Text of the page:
Psych drug companies are expected to do something to stem the tide of falling profits.

Wednesday, September 08, 2004

Negatives Results to get much more exposure

Editors at 11 international science journals have imposed a new policy that will result in the public release of negative medical research that pharmaceutical companies often prefer to hide.

The International Committee of Medical Journal Editors will require, as a condition for publication, that researchers register their studies in a public repository before undertaking clinical trials on volunteers.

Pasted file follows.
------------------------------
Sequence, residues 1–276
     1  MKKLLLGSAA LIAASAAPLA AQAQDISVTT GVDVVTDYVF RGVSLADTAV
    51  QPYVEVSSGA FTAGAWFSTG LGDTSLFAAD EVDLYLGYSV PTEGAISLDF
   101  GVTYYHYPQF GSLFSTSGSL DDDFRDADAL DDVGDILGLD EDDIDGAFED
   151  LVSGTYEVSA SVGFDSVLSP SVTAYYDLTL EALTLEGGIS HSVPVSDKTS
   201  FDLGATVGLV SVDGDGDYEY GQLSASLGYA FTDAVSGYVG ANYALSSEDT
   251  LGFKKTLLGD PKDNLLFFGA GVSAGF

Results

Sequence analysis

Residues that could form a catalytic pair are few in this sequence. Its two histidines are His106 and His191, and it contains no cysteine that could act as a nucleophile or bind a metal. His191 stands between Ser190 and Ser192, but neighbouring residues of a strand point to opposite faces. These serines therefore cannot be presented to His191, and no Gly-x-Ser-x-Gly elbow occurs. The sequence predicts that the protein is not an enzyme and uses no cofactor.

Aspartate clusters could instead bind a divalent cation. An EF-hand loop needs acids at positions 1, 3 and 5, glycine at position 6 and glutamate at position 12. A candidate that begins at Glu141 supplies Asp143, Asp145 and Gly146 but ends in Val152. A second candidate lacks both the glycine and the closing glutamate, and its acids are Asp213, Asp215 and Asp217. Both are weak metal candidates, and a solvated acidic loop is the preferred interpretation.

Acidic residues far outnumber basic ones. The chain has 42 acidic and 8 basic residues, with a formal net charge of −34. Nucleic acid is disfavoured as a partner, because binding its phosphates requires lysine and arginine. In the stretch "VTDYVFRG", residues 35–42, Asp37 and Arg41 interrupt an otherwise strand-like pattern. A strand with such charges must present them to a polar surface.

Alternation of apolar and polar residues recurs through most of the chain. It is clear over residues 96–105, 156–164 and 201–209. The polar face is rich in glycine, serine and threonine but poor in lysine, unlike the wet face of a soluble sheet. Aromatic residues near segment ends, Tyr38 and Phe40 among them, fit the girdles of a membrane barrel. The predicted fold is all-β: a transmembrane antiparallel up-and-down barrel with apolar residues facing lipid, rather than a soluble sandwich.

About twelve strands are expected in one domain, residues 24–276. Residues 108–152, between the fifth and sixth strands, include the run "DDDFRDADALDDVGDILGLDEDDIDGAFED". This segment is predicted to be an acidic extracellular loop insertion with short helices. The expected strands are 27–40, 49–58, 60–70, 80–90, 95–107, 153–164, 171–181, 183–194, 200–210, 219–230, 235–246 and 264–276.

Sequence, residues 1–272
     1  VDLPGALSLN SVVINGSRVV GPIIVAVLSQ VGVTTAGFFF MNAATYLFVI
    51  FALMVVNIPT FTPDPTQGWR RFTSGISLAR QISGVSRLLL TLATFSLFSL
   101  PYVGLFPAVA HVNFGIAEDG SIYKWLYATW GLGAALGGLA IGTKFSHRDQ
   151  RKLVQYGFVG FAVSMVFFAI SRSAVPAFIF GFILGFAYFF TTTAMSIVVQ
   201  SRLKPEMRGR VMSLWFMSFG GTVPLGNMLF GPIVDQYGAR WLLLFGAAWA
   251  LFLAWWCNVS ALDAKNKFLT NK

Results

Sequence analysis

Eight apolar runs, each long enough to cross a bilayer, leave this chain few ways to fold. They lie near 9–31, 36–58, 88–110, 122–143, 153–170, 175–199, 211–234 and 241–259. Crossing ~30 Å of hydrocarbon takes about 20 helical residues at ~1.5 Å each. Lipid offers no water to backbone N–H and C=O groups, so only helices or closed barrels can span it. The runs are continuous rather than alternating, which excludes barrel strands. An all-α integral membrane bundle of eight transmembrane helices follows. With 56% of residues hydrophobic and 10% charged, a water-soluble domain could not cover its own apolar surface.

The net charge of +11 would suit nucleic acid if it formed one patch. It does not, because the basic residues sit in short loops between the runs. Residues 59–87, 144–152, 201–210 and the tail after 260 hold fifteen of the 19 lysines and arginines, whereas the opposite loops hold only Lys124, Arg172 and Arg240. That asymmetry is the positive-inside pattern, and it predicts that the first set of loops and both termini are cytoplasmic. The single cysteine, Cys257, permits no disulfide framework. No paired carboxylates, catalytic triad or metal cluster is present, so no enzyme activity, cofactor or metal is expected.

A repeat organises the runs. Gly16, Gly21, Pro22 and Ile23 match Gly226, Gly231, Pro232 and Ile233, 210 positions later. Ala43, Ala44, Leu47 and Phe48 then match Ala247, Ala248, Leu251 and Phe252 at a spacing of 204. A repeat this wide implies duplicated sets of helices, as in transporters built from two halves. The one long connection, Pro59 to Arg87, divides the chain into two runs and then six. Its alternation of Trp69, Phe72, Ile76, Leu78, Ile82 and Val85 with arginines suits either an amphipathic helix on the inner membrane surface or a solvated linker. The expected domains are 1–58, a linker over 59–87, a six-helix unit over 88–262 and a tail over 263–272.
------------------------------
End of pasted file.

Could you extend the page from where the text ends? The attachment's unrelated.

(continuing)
"Honest reporting begins with revealing the existence of all clinical studies, even those that reflect unfavourably on a research sponsor's product," the committee wrote in an editorial to appear simultaneously in its member journals. "Unfortunately, selective reporting of trials does occur, and it distorts the body of evidence available for clinical decision-making."

The committee includes editors from the US-based New England Journal of Medicine, the Medical Journal of Australia and Britain's The Lancet, among others.

The policy was prompted by the tendency among pharmaceutical companies to hide negative research. A recent example was a non-published study on anti-depressants that could aggravate suicidal tendencies among adolescents.

The policy applies to clinical trials starting after July 1, 2005. Current trials have until September 13, 2005 to do so, according to the editorial published in the September 16 edition of the New Journal of Medicine.